DIY How-to Making Parenting Repair

DIY non-slip soles for footed pajamas

I’ve handed down a few pairs of cozy footed pajamas between my kids. Along the way the soles lost whatever non-skid properties they had and became very slippery. We got them out this fall to keep my two-year-old cozy. He was cozy … and he slid all over on our slick floors, wiping out a few times. Neither slips nor cold bare feet would do. It was time for DIY non-slip soles.

I outfitted two pairs of Carter’s footie pajamas. Both attempts turned out great:

Try to slide in those!

Materials: I used a discarded bike inner tube that could no longer be patched. If you don’t have one, you might be able to score them from a bike shop or repair co-op. I also used heavy-duty Sashiko thread and needle, but I expect you could do this with any needle and thread.


  1. Trace and cut a template out of cardboard (like a cereal box) and hold it up to the pajama feet to make sure you have the shape right, before you start cutting rubber.
Template made and checked, now tracing it on the rubber to make a sole
  1. Cut the length of inner tube you need for one sole. Starting next to one side of the valve stem will waste as little material as possible. One full-size 26″ tube makes a lot of soles! Then split your cut tube section by cutting it lengthwise to flatten it into a rectangle.
  1. Trace the sole template onto the rubber. If there’s a curve to the sole, flip it over after tracing one to make sure the two soles are mirror images for the left and right feet. I found one side of the tube had less grip and made sure that side faced up. And I traced and wrote on that side:
I wrote the L and R on the top of the sole, so it wouldn’t be visible in the end.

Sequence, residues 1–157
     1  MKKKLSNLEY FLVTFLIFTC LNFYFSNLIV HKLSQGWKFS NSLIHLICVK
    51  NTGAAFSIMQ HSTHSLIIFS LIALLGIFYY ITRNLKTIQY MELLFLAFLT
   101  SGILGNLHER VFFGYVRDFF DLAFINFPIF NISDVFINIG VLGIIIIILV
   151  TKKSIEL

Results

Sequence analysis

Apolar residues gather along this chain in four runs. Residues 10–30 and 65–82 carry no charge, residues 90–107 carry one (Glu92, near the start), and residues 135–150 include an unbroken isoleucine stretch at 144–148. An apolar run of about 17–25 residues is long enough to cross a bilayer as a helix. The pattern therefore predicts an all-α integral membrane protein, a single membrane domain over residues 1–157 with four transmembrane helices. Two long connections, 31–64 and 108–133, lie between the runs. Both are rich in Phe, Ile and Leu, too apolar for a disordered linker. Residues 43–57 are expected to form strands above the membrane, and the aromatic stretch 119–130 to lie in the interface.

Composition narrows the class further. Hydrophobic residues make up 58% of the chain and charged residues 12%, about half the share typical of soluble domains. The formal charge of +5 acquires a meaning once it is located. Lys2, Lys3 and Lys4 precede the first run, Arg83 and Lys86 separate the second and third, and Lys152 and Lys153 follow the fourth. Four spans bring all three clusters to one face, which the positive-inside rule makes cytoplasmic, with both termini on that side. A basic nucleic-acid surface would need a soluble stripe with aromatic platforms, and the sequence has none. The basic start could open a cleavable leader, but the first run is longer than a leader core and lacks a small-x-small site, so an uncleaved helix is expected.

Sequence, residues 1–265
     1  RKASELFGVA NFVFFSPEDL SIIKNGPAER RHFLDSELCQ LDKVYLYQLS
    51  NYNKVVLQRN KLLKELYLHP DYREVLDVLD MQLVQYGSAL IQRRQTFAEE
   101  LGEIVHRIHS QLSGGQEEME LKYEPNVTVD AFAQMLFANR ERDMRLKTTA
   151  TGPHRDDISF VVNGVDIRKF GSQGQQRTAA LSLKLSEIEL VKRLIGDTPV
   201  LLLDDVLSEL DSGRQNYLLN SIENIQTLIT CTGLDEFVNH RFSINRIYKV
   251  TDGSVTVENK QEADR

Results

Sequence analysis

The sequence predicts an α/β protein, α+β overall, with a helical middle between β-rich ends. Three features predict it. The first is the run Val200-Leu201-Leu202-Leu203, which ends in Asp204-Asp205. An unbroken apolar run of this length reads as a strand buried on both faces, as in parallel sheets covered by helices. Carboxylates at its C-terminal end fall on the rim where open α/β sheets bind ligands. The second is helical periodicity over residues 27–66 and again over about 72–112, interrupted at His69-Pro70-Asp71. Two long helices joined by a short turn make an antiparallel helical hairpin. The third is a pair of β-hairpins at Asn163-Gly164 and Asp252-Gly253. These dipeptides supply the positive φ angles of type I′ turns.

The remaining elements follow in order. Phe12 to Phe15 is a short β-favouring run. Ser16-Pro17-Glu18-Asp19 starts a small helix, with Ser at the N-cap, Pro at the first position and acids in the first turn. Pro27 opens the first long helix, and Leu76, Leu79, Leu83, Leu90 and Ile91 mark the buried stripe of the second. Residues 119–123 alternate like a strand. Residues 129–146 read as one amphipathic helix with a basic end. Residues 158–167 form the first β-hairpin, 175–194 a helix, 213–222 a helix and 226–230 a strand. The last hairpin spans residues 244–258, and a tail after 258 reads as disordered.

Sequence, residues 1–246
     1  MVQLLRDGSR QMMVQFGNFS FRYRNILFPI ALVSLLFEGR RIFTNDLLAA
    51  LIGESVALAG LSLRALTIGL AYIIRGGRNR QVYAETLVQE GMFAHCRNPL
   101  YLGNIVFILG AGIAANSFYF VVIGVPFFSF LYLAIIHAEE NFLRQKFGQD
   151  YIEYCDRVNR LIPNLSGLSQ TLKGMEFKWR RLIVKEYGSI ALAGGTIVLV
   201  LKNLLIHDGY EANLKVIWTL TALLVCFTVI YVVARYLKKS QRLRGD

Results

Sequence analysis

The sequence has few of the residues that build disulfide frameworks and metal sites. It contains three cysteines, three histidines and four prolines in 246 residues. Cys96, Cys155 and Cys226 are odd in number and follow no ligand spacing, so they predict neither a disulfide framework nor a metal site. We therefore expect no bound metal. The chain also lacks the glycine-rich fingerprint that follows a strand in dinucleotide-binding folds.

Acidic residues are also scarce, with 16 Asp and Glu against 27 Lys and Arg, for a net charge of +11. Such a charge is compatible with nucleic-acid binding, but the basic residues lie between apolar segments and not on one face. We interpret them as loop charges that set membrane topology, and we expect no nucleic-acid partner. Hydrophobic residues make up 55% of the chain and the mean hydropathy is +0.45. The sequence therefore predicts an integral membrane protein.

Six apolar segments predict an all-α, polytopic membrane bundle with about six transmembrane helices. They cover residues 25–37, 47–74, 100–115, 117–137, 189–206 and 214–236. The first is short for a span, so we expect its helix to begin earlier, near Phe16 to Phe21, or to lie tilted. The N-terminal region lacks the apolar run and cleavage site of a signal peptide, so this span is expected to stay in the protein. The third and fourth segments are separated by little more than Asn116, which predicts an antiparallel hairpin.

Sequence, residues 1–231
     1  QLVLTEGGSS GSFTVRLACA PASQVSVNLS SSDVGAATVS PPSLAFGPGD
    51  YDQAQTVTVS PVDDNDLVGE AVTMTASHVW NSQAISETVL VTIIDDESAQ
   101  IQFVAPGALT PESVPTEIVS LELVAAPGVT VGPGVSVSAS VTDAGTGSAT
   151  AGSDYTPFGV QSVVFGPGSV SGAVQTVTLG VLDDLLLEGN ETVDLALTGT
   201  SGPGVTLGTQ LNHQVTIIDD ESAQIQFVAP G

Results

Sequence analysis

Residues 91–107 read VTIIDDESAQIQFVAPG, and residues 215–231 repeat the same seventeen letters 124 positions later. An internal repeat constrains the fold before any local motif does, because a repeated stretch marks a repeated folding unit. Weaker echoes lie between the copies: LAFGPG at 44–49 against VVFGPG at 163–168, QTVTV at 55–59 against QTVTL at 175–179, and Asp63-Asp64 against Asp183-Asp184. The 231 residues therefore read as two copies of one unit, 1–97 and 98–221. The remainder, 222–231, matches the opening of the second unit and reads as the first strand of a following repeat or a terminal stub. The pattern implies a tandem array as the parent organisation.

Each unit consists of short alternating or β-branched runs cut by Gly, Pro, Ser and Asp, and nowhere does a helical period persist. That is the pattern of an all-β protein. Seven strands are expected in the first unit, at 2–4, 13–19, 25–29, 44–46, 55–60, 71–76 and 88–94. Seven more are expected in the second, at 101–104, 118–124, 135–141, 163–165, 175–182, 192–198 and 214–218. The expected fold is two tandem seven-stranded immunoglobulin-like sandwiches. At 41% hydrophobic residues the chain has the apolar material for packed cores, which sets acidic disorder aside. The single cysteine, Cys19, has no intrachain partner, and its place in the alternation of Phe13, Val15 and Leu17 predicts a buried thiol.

1. Pin the soles so they don’t move while sewing.
One pin in. The “carter’s” non-skid dots have all worn smooth and do nothing.
Ready to sew.
  1. Sew them on! Start and end on the inside of the foot. I had to push pretty hard to get the needle through the rubber for each stitch. The big mistake to avoid is sewing through more than the bottom of the pajama foot. I sewed with the pajamas right-side out, except for tying the final knot, and was mostly able to dip in and catch the right amount of pajama material on each stitch. If you go too deep, though, you’ll have a stitch binding the top and bottom of the pajama foot together. Check periodically to see if you’ve made this error so you don’t waste work.
Almost done…
Done! I love the tube measurement markings, telling the story of the soles.
Both done! You can kind of tell that these were consecutive strips of the same tube.

That’s all! My son has worn them for a few months now and no longer slips. And he thinks the custom soles are the coolest, saying “thank you for sewing them daddy!” when he gets the pajamas out.

The only concern I had was the longevity of the fix. But so far they’ve held up through cycles in the washing machine and dryer with no apparent effect. My reading about this indicated that the rubber in bicycle tubes should be resistant to temperatures well above what they’d see in a dryer, but it was good to confirm.

I’m not sure a bicycle tube would be wide enough to make full soles for adult-sized footed pajamas. In that case you could do it in two pieces, or instead of adding a full-sized sole, add only enough material to accomplish the non-slip purpose. E.g., dots or stripes.

Overall: a fun project, with $0 cost given the materials I had on hand. It gave new life to some favorite pajamas and kept my son safe from falls. 2020 is a year for personal protective equipment of all sorts!

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